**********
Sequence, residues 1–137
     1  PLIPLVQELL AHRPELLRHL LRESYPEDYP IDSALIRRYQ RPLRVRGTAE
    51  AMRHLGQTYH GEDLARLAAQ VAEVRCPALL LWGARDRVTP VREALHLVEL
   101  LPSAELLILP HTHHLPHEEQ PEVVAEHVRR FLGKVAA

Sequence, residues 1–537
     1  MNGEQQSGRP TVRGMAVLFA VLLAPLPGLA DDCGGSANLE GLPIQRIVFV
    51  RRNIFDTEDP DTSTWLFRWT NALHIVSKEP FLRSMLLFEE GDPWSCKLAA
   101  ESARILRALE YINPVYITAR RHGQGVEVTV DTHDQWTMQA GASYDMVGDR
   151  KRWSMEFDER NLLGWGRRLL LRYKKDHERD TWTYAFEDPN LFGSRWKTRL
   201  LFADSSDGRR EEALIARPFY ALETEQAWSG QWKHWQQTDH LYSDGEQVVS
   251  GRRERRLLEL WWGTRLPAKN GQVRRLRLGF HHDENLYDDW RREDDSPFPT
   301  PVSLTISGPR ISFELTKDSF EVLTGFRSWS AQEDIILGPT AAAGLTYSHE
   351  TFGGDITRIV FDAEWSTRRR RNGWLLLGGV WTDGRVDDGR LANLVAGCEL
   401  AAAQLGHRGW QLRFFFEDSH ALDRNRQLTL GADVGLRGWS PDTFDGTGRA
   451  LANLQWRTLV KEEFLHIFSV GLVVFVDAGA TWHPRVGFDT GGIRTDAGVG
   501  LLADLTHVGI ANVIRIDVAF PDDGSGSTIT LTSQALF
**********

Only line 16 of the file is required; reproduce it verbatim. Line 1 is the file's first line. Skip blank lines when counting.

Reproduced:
   501  LLADLTHVGI ANVIRIDVAF PDDGSGSTIT LTSQALF